Today was the beginning of my Czech language class. My teacher is a sweet lady with purple hair named Jana. That will be easy to remember since almost every women I’ve met here has the same name.
This morning we enjoyed a presentation by an incredible man named Jan Wiener. He and his wife are our “dorm parents.” They are a very kind and warm elderly couple. Jan has a really extraordinary history that he shared with us. We watched a documentary about him titled “Fighter.” It was very moving.
A few words about Jan:
In 1939, when Jan was a 19-year-old Jewish teenager he left Czechoslovakia, hoping to reach England and join the Royal Air Force. His mother was interred and executed at a concentration camp called Terezin for aiding philosophers/intellectuals who had escaped Germany and his father committed suicide before he could be arrested. In order to get out of the country he hid under a train and successfully rode it into Italy. There, Jan was arrested and imprisoned. He managed to escape his work camp twice. The second time he found his way to England where he enlisted in the air force. He flew bomber missions over occupied Europe and returned to Prague in 1945. When the Communists took over three years later, Jan was arrested and imprisoned again, this time as an “enemy of the state.” On his release, he fled to the U.S. (with the help of Eleanor Roosevelt!) to start a new life. He’s now a highly respected professor of history at Charles University.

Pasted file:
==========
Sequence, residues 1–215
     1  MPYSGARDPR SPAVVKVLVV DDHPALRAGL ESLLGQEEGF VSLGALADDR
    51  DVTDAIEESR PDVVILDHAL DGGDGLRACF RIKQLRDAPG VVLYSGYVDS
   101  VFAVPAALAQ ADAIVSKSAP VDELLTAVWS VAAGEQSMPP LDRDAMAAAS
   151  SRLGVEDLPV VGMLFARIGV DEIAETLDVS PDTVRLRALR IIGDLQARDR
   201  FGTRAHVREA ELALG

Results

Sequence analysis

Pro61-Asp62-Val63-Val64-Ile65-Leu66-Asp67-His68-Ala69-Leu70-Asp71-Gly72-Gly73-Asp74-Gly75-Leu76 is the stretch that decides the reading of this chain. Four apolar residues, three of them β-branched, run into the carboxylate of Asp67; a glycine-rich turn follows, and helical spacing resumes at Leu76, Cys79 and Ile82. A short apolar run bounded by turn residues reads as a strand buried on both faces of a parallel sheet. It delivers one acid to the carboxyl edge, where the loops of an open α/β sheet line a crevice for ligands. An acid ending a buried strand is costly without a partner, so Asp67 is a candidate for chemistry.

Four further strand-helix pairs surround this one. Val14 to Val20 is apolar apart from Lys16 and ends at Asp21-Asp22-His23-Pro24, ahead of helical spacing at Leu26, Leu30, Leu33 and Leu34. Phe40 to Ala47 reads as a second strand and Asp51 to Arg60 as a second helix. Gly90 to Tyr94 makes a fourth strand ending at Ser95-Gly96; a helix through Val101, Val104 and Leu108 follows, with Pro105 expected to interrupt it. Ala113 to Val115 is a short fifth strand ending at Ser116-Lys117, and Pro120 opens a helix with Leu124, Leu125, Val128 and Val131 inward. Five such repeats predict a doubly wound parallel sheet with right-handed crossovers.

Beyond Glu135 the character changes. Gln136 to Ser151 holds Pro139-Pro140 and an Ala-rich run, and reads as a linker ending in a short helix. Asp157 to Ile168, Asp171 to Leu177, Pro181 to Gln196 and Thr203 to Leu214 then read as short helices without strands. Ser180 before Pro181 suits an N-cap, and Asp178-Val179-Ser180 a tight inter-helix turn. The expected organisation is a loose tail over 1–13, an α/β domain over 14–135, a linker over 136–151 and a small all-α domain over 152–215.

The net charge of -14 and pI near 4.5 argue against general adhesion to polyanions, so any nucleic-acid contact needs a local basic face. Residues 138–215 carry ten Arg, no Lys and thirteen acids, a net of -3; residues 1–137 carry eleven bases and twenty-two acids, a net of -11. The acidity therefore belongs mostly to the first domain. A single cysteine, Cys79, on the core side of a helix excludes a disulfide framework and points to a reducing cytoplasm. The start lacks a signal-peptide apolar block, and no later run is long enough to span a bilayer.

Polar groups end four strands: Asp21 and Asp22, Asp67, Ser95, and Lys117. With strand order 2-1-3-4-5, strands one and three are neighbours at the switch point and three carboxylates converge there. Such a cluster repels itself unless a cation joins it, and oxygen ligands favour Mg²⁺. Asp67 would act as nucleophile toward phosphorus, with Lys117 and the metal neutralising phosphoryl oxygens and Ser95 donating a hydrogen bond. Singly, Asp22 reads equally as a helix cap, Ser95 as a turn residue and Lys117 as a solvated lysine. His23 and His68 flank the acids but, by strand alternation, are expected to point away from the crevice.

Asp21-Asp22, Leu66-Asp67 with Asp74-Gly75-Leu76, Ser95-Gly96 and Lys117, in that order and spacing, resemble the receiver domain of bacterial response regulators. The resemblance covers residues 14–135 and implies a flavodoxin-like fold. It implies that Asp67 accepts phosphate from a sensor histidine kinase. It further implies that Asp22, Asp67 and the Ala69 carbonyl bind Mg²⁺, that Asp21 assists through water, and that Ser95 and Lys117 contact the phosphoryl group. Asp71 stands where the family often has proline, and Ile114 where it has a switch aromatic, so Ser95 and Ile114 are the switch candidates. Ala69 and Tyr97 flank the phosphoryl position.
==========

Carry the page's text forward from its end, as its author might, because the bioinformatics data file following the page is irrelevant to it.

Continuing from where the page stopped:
I spent the past weekend in Moravia with other students from my program. The Czech Republic is made up of three historical areas Bohemia (where Prague is located), Moravia, and Silesia. We stayed in Brno. Our tour of Moravia included stops at several beautiful cathedrals, the cloister where Gregor Mendel grew his peas and did his early experiments with genetics, the Austerlitz battle field where the Battle of Three Emperors was fought, beautiful caves, and dinner at Templářských Rytířů (a wine cellar built by the Templar Knights). I was surprised by how much I enjoyed the tour of the Battlefield. The museum included some really cool multi-media exhibits that simulated the battle. Also, the monument constructed there is very beautiful. It’s a monument to peace and not to Napoleon. It is meant to remind us that the field is soaked with the blood of soldiers from both sides.
I’ve included photos of a day trip to the little village of Kutna Hora as well as some pictures taken around Prague.
Check out these links to photo albums I’ve posted on my Facebook: